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While presenting the Budget for this year, one of the key focal areas in Indian Finance Minister Nirmala Sitharaman’s speech was upskilling workers in businesses – ranging from new-age tech like AI to traditional crafts.
India has a young talent pool and adds nearly 10 million to its workforce every year. But the shortage of skilled talent in advanced technologies continues to remain a major obstacle for industries and threatens to hinder the growth of the digital economy.
“Skilling is a welcome move as it strengthens inclusive and sustainable progress across all industries,” Triveni Rabindraraj, India sales head at software company GoTo said. “The Pradhan Mantri Kaushal Vikas Yojana 4.0, Make AI in India, and increased focus on the 5G continuum will prove to be a big push to bridge the talent gap and prepare the country’s youth for Industry 4.0 by empowering them with new-age technology skills needed to make India one of the world’s preferred innovation hubs.”
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However, the attempts to build a more specialised workforce aren’t new. Skill India or the National Skill Development Mission of India initiative was launched by Prime Minister Narendra Modi in 2015. As it stands, the initiative has not been effective.
Bridging the AI talent gap
A report by IDC in 2021 revealed that an increasing number of businesses in India are looking to integrate AI/ML solutions into their operations. Conversely, the report also found that about 74% of the enterprises still lacked in skill, which impedes the overall innovation.
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In a LinkedIn post, Nitin Aggarwal, head of Cloud AI Services (India) at Google India, said that one of the common traits he found in candidates that didn’t get selected was that they lacked any ‘real’ work that would back them up. “Whenever I started having a detailed conversation about their projects, problems started showing up. Answers were very shallow and textbook-ish.”
To tackle the AI talent gap in the industry, the Union Minister of Education and Skill Development, Dharmendra Pradhan launched the “AI for India” campaign in June last year. The objective of the campaign was to evaluate, train, practice, provide internships, allocate projects, certify and employ 25 lakh Indian citizens.
However, the ground reality is very different. Despite the heavy emphasis made by the Indian government on the importance of the AI sector, a talent gap persists. So much so, that companies have started to invest in training their own employees.
“As the use of AI is spreading within all sectors, it is important that the youth be trained in courses based on coding, AI, robotics, IoT, 3D printing and drones,” Aditi Seetha, Programme Manager at The Dialogue, a public-policy think-tank, told AIM.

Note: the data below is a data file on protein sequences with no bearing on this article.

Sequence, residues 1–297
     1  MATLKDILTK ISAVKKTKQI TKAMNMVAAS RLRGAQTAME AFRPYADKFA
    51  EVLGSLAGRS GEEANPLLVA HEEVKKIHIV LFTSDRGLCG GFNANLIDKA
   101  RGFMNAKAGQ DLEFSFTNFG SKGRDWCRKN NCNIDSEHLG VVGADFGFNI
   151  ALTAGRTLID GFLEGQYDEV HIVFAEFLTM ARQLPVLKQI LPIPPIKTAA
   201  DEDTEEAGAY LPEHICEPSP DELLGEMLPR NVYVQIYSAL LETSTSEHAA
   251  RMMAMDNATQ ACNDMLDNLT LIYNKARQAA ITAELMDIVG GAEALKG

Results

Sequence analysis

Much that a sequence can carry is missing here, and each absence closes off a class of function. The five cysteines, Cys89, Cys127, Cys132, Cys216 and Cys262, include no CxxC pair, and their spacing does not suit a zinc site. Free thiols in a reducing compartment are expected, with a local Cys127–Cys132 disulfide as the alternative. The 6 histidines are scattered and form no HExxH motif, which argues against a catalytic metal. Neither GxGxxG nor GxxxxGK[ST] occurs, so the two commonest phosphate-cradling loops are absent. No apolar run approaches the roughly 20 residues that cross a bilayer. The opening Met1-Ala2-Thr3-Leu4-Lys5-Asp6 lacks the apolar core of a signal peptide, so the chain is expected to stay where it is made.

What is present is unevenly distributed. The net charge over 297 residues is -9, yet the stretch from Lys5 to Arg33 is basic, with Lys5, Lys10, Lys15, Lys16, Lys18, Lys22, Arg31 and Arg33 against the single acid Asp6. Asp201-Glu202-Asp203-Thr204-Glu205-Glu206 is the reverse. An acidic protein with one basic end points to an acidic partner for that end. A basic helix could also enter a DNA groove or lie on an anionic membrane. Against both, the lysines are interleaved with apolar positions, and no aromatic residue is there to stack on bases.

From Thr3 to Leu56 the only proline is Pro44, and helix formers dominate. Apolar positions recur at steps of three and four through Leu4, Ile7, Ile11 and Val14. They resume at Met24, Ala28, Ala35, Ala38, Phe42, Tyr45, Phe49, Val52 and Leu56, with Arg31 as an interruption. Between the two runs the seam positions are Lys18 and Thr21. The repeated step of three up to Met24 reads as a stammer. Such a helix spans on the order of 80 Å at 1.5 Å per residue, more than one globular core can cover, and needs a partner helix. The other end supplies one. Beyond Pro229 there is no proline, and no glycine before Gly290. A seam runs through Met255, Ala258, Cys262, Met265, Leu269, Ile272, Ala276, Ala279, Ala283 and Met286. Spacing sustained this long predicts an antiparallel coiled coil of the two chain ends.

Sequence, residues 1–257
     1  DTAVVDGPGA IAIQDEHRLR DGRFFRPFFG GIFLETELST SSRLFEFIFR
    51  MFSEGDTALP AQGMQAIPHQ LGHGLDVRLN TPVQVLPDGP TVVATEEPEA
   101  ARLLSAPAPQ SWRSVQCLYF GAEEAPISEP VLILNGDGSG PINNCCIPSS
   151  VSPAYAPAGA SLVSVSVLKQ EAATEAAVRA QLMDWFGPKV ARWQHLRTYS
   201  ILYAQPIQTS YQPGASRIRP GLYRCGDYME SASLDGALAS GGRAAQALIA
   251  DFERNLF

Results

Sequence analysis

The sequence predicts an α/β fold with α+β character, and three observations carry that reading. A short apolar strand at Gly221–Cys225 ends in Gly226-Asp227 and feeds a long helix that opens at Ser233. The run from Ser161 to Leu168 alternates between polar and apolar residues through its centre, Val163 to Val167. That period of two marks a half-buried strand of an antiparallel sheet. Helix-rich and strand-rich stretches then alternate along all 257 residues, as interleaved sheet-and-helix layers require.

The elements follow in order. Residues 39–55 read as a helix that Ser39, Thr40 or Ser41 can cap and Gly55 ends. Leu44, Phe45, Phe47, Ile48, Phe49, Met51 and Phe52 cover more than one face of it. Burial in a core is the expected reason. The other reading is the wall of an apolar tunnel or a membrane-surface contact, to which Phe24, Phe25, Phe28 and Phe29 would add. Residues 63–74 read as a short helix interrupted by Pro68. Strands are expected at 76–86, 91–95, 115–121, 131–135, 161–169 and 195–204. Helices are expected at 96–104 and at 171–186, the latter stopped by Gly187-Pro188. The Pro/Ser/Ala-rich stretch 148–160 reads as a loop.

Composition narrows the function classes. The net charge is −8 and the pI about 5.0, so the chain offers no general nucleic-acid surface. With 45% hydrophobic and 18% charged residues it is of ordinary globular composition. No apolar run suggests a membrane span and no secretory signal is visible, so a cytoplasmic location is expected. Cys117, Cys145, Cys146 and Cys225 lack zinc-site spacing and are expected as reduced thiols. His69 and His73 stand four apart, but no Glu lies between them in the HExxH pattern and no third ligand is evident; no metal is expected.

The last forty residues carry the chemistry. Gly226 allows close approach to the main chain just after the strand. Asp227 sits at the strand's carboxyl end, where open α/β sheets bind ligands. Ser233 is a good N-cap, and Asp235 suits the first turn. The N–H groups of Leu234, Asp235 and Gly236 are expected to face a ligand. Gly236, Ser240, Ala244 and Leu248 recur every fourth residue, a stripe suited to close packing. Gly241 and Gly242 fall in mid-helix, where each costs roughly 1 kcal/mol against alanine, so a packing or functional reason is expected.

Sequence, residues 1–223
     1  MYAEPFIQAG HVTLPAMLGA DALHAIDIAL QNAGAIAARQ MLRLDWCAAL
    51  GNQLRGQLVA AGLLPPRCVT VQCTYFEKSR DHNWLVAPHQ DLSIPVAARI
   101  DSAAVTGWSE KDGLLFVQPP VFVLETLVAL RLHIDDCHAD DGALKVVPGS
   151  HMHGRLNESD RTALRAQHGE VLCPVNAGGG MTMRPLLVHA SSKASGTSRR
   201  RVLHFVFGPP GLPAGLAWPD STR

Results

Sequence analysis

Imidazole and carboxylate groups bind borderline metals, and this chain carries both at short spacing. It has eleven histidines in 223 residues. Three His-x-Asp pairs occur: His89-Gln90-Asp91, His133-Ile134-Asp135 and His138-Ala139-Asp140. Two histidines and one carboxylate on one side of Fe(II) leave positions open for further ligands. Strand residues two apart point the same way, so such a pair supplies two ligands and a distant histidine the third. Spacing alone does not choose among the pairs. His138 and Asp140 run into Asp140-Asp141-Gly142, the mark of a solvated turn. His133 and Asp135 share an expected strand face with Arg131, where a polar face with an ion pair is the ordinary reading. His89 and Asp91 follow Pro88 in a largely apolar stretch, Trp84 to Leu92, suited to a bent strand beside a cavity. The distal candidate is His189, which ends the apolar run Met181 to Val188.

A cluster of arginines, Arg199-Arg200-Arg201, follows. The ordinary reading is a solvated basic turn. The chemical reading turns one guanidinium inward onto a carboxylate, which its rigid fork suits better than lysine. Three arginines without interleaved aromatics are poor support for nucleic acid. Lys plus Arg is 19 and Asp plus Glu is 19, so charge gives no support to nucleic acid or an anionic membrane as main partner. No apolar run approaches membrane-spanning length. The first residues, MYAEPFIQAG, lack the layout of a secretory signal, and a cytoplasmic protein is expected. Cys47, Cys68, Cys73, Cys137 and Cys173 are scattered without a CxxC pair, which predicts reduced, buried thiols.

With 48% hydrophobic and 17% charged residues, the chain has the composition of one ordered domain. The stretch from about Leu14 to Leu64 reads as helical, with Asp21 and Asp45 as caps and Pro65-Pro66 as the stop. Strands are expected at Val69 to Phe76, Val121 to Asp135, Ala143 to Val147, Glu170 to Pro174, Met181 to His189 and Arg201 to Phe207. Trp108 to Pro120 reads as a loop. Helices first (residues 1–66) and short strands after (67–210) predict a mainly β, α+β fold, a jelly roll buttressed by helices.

The government in turn has taken note of this divide announcing new initiatives in this year’s budget to attend to it – about 30 Skill India International Centres across different states will be set up.
“The digital ecosystem will be expanded with regards to Skill India and a unified skill India digital platform will be launched. This will boost the skilled manpower much needed in the advancing AI industry and will provide not only domestic opportunities but even international exposure to the youth,” Seetha added.
The government’s track record does not inspire confidence
Back in 2015, Skill India was one of the most prominent announcements made by then Finance Minister, the Late Arun Jaitley. Launched by Narendra Modi on July 15 that year, Skill India’s aim was to create a pool of proficient workers for sectors such as manufacturing, construction, retail, healthcare, IT, agriculture and tourism, among others.
The eventual goal of the programme was to create a pool of workers who could contribute to the country’s economic growth and development and help improve India’s overall competitiveness in the global market.
However, after eight years, Skill India’s success rate remains relatively low. According to a report published by the Ministry of Skill Development and Entrepreneurship (MSDE), in 2015, around 19.85 lakh candidates were trained under the Pradhan Mantri Kaushal Vikas Yojana (PMKVY) scheme, out of which only 13.23% were able to nab the post training job.
In 2016, around 52 lakh candidates successfully completed the training, out of which only 24% candidates got post training placements. This is proof enough to show that the training programmes did not equip candidates with the necessary skill sets desired by the industry.
Skill India has failed for multiple reasons, including lack of training infrastructure, limited participation of the private sector and a lack of compliance to international standards.
In fact, skill development programmes in India have existed way before the launch of Skill India and historically, they have not worked. Will the Indian government now be able to keep the promises made in Budget 2023 or will moulding talent in AI still remain out of India’s reach?